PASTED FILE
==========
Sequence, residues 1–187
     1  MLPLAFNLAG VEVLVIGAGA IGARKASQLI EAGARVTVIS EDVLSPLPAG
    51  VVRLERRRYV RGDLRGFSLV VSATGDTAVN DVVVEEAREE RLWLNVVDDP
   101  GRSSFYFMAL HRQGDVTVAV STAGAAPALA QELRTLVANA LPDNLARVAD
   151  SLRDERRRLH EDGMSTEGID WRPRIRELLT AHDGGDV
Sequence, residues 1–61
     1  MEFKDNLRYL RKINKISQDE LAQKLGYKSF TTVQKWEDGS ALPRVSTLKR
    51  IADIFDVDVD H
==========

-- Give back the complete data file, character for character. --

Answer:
Sequence, residues 1–187
     1  MLPLAFNLAG VEVLVIGAGA IGARKASQLI EAGARVTVIS EDVLSPLPAG
    51  VVRLERRRYV RGDLRGFSLV VSATGDTAVN DVVVEEAREE RLWLNVVDDP
   101  GRSSFYFMAL HRQGDVTVAV STAGAAPALA QELRTLVANA LPDNLARVAD
   151  SLRDERRRLH EDGMSTEGID WRPRIRELLT AHDGGDV
Sequence, residues 1–61
     1  MEFKDNLRYL RKINKISQDE LAQKLGYKSF TTVQKWEDGS ALPRVSTLKR
    51  IADIFDVDVD H